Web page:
Metal detectors will be installed in every school in the Virginia city where a 6-year-old boy shot and wounded his elementary teacher last week, school officials announced Thursday.
The Newport News School Board announced Thursday that the board was given the approval to purchase 90 walk-through metal detectors which will be placed in every school across the district, said board chair Lisa Surles-Law.
“The time is now to put metal detectors in all of our schools,” Surles-Law said during a news conference Thursday.
District Superintendent George Parker previously said metal detectors and random searches were already being used in high schools and middle schools but not at elementary schools. The 90 metal detectors were purchased after the school district was able to obtain and repurpose funds from the school budget.
The first metal detectors will be installed at Richneck Elementary School, where first-grade teacher Abigail Zwerner was shot, upon its reopening. All students, faculty, and staff will have to walk through the detectors, Surles-Law said.
‘NOT AN ACCIDENTAL SHOOTING’:Virginia teacher injured after being shot in classroom by 6-year-old student, officials say
In addition to “state-of-the-art detectors,” the district will bolster protocols on handling school violence, including implementing a safety stand down and reviewing student conduct and discipline records, Surles-Law added.
The announcement follows the Jan. 6 shooting of Zwerner, where a 6-year-old student fired one round at Zwerner while she was teaching her class. Zwerner, who has been hailed as a hero, was able to usher her students out of the classroom after she was shot.
The bullet had struck through Zwerner’s hand and chest but the 25-year-old has since improved and is listed in stable condition, according to authorities.
Newport News Police Chief Steve Drew called the shooting “intentional” and said the child used a gun purchased legally by his mother.
Leaving a loaded, unsecured gun in a manner that endangers the life or limb of children under 14 is a violation and is a misdemeanor crime punishable with a maximum one-year prison sentence and $2,500 fine, according to a Virginia law.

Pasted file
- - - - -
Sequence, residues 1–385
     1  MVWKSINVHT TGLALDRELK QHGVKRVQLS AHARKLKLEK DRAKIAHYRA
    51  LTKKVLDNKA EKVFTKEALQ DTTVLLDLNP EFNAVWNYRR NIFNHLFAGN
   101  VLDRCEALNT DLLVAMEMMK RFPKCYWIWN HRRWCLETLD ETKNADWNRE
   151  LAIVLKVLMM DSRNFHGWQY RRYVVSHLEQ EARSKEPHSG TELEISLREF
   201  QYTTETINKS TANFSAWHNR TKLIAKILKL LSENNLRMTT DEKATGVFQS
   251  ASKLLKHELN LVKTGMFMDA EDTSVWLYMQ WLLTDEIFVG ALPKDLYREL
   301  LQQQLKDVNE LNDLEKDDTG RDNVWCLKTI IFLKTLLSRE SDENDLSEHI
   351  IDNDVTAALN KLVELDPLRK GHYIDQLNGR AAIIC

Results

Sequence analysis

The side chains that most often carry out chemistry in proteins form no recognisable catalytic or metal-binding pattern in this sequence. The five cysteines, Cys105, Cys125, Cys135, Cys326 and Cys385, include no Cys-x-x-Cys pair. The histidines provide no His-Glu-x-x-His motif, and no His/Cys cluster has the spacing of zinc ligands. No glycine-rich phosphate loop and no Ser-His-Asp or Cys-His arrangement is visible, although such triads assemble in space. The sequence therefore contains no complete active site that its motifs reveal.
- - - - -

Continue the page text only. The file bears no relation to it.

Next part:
Officials have yet to charge anyone in connection with the incident and the child is currently being held at a medical facility following an emergency custody order.
‘MS. ZWERNER SAVED LIVES’: 6-year-old who shot Virginia teacher used gun legally purchased by his mother, police say
Shooting fallout: Push for school safety
The Newport News School Board’s decision Thursday joins a national debate over school violence and how gun violence can be prevented in school populations.
Since the 2012 massacre at Sandy Hook Elementary, there has been a push for school designs with security in place. But many of America’s schools have been unable to change and can’t afford advanced features or upgrades.
The use of metal detectors in schools, especially in elementary schools, is still rare, according to the National Center for Education Statistics.
Less than 2% of public elementary schools performed random metal detector checks on students during the 2019-20 school year, according to the center. It was 10% for middle schools and 14.8% for high schools.
“Schools are already struggling with adequate resources — finding bus drivers, finding enough teachers,” David Riedman, founder of a database that tracks U.S. school shootings, told The Associated Press. “To have comprehensive school security with 100% weapons detection essentially requires a TSA-style agency that would cost hundreds of billions of dollars to implement across the country. And that’s not viable.”
Contributing: Kayla Jimenez and Alia Wong, USA TODAY; The Associated Press